Thanks for reading, and I invite anyone to please comment below. And finally, if anyone cares enough to have read this far, one last thing: fellow New Yorkers might know what I’m talking about when I say that some days New York is more New Yorky than usual. Monday was one of those days, and the nutters were out in force. On my way to the venue, I was blessed (or cursed, maybe, I’m not sure) but a green-clad street preacher wielding a cross made of twisted wire. Minutes later, the guy sitting next to me in Starbucks got an earful from a totally different preacher. And then, in B.B. King’s, one audience member in the back near me was obviously stoned; not on something relatively harmless that merely makes you stupid, but rather on the sort of thing that makes you manic and insane (cocaine? speed?). He couldn’t stop loudly babbling for the entire concert, and was almost literally bouncing off the walls. I kept hoping the management would toss him out, but no luck.


Official band sites: www.cgtrio.com and www.tonylevin.com

Buy the California Guitar Trio’s Echoes and Tony Levin’s Stick Man from Amazon and kick back a few pennies to The Dork Report.

The Decemberists Live at Radio City Music Hall, June 10, 2009

 

Robyn Hitchcock & The Venus 3 (including Peter Buck of R.E.M. and Bill Rieflin of Ministry, R.E.M., and The Humans) opened with an enjoyable 30-minute set. I was unfamiliar with Hitchcock, but by total coincidence had just days before seen his appearance in Jonathan Demme’s Rachel Getting Married. His quirky non sequiturs between songs (“I had a root canal this morning, which is why I’m wearing a hat” – which he wasn’t) contrasted with his focused, tight songs. The Decemberists’ Colin Meloy briefly joined in on tambourine and backing vocals.

Robyn Hitchcock and The Venus 3 live at Radio City Music HallColin Meloy joins Robyn Hitchcock & The Venus 3 as they warm up the crowd

I’m a latecomer to The Decemberists, only catching on with their third album The Crane Wife (2006), which features a guest appearance by Laura Veirs, one of my favorite singer/songwriters, on the wonderful track “Yankee Bayonet.” My interest was further piqued by a review (that I now can’t track down) that compared them to early Genesis, of which I am also a longtime fan. It’s a bold comparison, for few would classify The Decemberists’ music as progressive rock. But it is fitting insofar as their compositions are often epic narratives, encompassing styles ranging from pastoral folk to hard rock, all performed with high musicianship that eschews flashy individual soloing. Further bolstering their prog rock cred, the first half of The Decemberists’ set was the entirety of their 2009 concept album, The Hazards of Love.

In retrospect, a concept album was inevitable for a such a band that had already shown a penchant for lengthy story-based songs like “The Mariner’s Revenge Song” (on Picaresque, 2005) and “The Crane Wife Parts 1-3.” Compared to Genesis’ grand but slightly inconsistent epics “Supper’s Ready” and The Lamb Lies Down on Broadway, The Hazards of Love is actually one of the most cohesive concept albums I’ve heard. It rivals The Who’s Quadrophenia for clarity of vision and cohesiveness of its recurring musical themes.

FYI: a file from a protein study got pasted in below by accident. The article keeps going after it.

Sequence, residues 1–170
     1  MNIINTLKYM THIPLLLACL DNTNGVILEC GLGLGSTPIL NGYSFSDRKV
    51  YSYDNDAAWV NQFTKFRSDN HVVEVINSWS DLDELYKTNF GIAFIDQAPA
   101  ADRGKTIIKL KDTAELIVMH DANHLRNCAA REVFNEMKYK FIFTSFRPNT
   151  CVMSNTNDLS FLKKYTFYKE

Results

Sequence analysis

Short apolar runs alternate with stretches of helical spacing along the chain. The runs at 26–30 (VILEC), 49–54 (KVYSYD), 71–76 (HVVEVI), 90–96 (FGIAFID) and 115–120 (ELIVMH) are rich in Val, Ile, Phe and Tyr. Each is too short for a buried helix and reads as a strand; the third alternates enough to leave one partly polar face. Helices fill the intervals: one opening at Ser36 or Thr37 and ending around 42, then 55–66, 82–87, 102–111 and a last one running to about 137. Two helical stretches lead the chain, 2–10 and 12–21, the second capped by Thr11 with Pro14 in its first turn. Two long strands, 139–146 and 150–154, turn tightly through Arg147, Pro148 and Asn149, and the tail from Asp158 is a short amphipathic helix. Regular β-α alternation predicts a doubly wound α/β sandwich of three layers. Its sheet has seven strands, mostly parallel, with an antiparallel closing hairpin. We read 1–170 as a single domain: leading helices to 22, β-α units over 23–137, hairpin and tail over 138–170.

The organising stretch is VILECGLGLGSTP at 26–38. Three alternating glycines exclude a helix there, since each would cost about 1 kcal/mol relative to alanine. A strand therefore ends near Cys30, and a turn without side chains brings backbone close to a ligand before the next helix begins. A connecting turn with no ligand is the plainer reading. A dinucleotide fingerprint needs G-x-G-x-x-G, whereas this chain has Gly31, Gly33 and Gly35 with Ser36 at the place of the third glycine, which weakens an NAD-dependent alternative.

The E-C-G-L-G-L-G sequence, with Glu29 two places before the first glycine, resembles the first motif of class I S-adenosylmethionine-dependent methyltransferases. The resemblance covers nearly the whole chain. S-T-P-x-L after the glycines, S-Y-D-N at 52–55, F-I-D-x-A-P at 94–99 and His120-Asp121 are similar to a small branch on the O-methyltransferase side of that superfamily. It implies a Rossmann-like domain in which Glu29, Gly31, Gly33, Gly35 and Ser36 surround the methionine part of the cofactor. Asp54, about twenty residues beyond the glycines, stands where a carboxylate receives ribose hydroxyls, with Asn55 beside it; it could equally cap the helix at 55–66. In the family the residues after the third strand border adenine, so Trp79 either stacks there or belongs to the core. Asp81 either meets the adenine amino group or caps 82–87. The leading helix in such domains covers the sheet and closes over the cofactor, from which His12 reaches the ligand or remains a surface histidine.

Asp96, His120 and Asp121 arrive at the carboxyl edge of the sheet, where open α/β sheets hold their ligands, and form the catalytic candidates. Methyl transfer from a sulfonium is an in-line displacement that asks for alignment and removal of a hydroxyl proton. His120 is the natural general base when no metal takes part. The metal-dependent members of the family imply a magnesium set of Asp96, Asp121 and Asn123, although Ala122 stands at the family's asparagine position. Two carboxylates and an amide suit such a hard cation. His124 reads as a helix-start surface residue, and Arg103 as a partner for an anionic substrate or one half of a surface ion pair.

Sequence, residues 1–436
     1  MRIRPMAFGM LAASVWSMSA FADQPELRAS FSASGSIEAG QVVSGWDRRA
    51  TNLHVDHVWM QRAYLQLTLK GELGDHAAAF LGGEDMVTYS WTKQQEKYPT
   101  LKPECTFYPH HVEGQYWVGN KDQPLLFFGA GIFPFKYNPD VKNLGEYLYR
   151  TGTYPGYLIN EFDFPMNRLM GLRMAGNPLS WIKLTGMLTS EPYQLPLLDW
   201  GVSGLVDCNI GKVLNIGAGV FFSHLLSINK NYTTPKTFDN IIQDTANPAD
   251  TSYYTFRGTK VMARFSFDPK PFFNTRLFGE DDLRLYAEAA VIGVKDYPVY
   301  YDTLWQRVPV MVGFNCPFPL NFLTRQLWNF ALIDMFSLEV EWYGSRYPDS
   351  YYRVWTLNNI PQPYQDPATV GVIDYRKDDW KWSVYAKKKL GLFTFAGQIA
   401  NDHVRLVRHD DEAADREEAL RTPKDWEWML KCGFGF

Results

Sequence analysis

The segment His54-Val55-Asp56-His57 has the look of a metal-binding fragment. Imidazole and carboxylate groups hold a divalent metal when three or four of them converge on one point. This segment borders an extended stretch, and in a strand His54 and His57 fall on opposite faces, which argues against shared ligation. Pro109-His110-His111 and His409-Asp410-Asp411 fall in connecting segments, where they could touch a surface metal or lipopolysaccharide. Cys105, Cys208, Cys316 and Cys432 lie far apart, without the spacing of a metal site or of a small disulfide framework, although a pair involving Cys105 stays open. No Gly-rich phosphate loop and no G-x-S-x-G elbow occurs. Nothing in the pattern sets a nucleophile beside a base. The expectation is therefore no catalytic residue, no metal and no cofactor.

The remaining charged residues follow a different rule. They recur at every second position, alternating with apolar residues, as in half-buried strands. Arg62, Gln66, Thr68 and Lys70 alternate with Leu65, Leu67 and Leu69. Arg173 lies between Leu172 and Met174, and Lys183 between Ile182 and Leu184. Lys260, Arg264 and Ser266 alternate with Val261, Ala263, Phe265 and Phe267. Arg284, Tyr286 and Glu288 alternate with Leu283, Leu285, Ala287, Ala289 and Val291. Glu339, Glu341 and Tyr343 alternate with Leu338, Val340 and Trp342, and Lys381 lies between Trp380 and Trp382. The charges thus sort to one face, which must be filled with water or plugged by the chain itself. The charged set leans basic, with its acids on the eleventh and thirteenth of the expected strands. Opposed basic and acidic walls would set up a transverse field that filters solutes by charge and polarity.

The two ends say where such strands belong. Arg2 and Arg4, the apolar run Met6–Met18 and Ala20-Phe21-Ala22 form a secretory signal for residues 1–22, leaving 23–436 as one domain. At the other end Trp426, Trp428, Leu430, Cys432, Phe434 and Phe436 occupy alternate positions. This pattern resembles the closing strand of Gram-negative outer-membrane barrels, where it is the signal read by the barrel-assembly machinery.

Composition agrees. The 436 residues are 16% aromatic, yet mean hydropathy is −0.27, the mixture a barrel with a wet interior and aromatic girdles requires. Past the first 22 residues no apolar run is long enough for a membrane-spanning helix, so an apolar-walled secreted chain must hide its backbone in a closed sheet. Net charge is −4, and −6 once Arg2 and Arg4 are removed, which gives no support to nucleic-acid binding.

The Decemberists live at Radio City Music HallMy camera is momentarily overwhelmed by the proceedings

An instrumental organ intro (sorry to keep bringing them up, but possibly an idea borrowed from Genesis’ “Watcher of the Skies”) launches the epic fairy tale. The role of a girl that falls in love with a forest creature is sung on record and live by the airy, sweet voice of Lavender Diamond’s Becky Stark. My Brightest Diamond’s Shara Worden, a pint-sized, multi-instrumentalist powerhouse, blowed everybody’s hair back as the evil forest queen. How does a girl that small have such powerful pipes?

Although a few tracks can stand on their own (especially “The Rake’s Song”), the entire suite deserves to be heard in one piece. It was a very bold move to release a 58-minute song suite at a time when the long-player album is dying, and music is consumed track-by-track and randomly shuffled by iPod algorithms. Personally, I had found the album a little slow to absorb, but now that I’ve witnessed the whole thing live… wow. It’s brilliant, and made to be experienced live, in one piece.

The Decemberists live at Radio City Music HallBecky Stark & Shara Worden join The Decemberists to cover Heart’s “Crazy On You”

The second set mostly featured songs I didn’t know, so it’s time for me to visit Amazon MP3 to buy up their back catalogue. Peter Buck came back out to join them for a cover of “Begin the Begin” from my favorite R.E.M. album Lifes Rich Pageant (I was unable to shake Michael Stipe’s hook “The insurgency began and you missed it” from my head the entire walk home from the show). Stark and Worden rejoined the band for a full-blooded cover of all things, Heart’s “Crazy On You.” Their rendition was totally faithful, and yet somehow managed to sound both like a Decemberist original as well as something Fleetwood Mac might have done. They ended on a high note for me, with one of my personal favorite Decemberist songs, “Sons & Daughters.”